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Excerpt from Oral History Interview with Arthur Little, December 14, 1979. Interview H-0132. Southern Oral History Program Collection (#4007) See Entire Interview >>

Small changes in the technology of making gloves

Little describes the changes in technology, or lack thereof, in the glove-making process. While technological development has improved glove-making machines, the basic process has not changed. Little also remembers that some glove makers sewed gloves in their homes.

Citing this Excerpt

Oral History Interview with Arthur Little, December 14, 1979. Interview H-0132. Southern Oral History Program Collection (#4007) in the Southern Oral History Program Collection, Southern Historical Collection, Wilson Library, University of North Carolina at Chapel Hill.

Full Text of the Excerpt

JACQUELYN HALL:
What about the changing technology? Has it been pretty much the same machines from the beginning that you're using now, or what kind of changes …
ARTHUR LITTLE:
The machine is the same sewing machines, except they're made stouter and run faster. The glove is made today just like the first one was made years ago in the West whenever there was snow on the ground. They made them in the West in their families. The men would cut them out with scissors, and the women would sew them up. The same today. We've made progress in how to cut them and how to do a lot of the other things to them, but that sewing is the same old way. The machine's got to be guided every move it makes, just like the first glove was made. I had an uncle that spent a lot of time in the West, in Illinois, and he said they cut them out with scissors in the wintertime when there was snow on the ground, and the women would sew them up. They used them in working in the fields in the summertime, and the wintertime, too. They husked corn with them. They made two-thumb gloves, too. And they husked corn with them. Until it got into the factories then. Some of the first gloves made in this country were cut and sent here and sewed together by different women in different.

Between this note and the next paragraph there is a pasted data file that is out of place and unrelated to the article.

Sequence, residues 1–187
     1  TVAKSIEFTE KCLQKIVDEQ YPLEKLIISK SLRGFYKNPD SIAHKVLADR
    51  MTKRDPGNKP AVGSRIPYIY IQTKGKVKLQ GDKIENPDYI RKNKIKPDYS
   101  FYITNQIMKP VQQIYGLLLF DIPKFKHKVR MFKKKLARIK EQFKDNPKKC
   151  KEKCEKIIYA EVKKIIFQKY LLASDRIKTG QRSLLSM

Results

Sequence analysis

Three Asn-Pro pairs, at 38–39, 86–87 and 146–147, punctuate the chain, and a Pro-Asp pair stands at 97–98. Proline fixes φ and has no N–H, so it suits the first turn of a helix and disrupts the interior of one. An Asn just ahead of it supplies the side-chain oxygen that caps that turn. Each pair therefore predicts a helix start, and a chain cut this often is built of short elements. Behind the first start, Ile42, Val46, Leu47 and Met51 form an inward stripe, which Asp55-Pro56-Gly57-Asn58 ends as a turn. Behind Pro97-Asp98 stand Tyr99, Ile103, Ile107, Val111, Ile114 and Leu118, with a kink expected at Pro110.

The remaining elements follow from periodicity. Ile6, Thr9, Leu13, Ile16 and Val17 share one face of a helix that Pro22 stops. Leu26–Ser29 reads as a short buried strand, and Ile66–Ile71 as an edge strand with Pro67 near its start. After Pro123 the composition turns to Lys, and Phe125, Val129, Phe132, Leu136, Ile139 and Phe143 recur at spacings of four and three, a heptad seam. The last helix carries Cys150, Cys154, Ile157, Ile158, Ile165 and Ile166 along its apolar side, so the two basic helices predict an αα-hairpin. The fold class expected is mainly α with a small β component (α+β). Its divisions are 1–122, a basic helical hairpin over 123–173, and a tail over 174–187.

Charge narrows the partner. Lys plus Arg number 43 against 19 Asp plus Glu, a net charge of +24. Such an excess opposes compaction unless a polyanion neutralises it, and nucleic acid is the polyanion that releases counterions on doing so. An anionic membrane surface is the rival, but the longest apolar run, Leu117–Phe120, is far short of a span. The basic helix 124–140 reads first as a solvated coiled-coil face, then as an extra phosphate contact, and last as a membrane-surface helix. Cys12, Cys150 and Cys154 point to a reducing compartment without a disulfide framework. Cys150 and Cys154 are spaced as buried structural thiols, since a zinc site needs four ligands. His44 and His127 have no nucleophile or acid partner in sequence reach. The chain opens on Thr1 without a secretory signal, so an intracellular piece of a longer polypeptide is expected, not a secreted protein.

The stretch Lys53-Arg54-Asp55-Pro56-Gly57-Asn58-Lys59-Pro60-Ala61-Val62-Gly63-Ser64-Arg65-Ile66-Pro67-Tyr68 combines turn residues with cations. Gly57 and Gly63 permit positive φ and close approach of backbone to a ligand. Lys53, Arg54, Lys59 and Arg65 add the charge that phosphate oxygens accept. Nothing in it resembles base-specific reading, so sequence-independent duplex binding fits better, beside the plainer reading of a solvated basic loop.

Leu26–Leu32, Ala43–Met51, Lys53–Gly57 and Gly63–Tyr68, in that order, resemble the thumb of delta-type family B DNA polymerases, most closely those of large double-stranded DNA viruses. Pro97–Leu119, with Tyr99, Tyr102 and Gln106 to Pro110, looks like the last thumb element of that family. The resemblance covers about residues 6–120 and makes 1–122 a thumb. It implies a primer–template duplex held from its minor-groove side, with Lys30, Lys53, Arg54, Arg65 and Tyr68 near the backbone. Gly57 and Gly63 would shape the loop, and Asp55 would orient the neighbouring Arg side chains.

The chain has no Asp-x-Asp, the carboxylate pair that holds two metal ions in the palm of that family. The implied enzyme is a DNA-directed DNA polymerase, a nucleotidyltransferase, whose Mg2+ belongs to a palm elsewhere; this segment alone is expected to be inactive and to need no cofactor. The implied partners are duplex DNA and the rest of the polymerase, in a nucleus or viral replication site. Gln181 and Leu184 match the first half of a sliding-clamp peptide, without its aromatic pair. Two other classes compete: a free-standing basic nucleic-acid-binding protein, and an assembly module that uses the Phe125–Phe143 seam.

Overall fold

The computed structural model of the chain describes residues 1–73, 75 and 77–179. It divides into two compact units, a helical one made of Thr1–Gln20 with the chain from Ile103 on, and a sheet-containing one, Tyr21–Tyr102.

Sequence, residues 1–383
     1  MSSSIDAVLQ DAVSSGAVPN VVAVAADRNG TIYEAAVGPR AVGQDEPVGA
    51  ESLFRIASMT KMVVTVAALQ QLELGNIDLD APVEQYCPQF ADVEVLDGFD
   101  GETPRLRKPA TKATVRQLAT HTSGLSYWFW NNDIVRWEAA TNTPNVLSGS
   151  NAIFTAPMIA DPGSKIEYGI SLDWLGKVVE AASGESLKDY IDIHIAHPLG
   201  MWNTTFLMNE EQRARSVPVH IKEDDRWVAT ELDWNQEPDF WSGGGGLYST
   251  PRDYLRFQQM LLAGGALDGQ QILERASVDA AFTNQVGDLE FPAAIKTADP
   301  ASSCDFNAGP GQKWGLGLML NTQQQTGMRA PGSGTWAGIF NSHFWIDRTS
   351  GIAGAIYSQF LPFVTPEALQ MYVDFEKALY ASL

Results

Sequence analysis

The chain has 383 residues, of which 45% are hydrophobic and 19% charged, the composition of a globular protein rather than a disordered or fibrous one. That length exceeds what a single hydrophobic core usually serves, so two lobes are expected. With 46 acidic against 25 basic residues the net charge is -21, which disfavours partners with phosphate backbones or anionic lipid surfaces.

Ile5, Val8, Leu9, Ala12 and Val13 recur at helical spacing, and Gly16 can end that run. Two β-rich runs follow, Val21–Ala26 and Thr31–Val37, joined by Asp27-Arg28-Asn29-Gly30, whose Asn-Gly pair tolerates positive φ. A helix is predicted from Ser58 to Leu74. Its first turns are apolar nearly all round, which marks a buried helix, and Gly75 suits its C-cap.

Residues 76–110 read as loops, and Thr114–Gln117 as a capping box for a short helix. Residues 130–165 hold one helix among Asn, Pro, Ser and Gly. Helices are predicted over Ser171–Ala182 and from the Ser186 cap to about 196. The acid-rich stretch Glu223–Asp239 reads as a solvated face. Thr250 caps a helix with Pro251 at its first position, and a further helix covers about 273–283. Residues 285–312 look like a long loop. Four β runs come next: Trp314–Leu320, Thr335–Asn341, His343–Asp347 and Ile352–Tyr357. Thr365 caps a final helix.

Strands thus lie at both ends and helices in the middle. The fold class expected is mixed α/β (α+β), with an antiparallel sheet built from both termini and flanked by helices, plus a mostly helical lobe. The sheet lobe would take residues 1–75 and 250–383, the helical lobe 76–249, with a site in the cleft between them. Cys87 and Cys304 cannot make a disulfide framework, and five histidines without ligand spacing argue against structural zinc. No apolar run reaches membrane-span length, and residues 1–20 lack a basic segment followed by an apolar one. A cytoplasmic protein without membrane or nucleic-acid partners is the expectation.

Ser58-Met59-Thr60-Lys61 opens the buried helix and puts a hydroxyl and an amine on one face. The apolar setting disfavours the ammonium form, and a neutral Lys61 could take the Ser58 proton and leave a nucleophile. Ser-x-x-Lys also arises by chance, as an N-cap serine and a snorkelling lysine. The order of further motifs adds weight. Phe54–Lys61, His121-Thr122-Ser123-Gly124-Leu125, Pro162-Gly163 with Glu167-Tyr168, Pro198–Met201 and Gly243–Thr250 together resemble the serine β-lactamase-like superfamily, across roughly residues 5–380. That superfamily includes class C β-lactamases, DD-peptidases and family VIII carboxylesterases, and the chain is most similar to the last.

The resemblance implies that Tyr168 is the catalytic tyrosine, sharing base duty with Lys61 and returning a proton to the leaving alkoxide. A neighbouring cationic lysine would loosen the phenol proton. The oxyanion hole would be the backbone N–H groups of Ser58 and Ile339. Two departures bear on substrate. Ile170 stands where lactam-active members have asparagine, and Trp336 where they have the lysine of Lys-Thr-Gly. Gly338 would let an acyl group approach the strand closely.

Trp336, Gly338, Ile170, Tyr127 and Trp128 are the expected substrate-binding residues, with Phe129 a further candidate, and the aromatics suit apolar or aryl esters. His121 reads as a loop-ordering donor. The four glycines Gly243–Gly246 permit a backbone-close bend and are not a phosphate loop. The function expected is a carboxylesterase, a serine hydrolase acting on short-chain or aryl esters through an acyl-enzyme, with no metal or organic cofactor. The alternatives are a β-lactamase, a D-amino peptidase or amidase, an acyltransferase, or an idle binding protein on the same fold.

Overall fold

JACQUELYN HALL:
In this county?
ARTHUR LITTLE:
Yes. Just like, you know, the old tobacco poke things. They were put together and made, and they'd send them in here, and women would run thread through them, you know? You've seen people with these thread tobacco , people that roll their own?
JACQUELYN HALL:
Yes.
ARTHUR LITTLE:
These folks in here made them. And that's what got the idea here.
JACQUELYN HALL:
Are you saying that there were factories here that rolled tobacco?
ARTHUR LITTLE:
There was ladies here that sewed gloves.
JACQUELYN HALL:
They'd sew gloves in their homes.
ARTHUR LITTLE:
Yes. Sewed gloves in their homes and then sent them back to wherever they got them from. Now I'm not as well versed in that as some of the Hermans over here, but that's where they got the idea to make gloves first. They were among the first to make gloves here, and then, of course, Warlong came along. And when Newton Glove came along, they …
JACQUELYN HALL:
So women were sewing gloves in their homes.
ARTHUR LITTLE:
Yes.
JACQUELYN HALL:
Do you know who they were selling the gloves to?
ARTHUR LITTLE:
They sent them back to the people that sent them the cut goods.
JACQUELYN HALL:
Do you know who sent them the cut goods?
ARTHUR LITTLE:
They might could come from Wells, Vermont, or some of those bigger factories in the Midwest. I just don't know.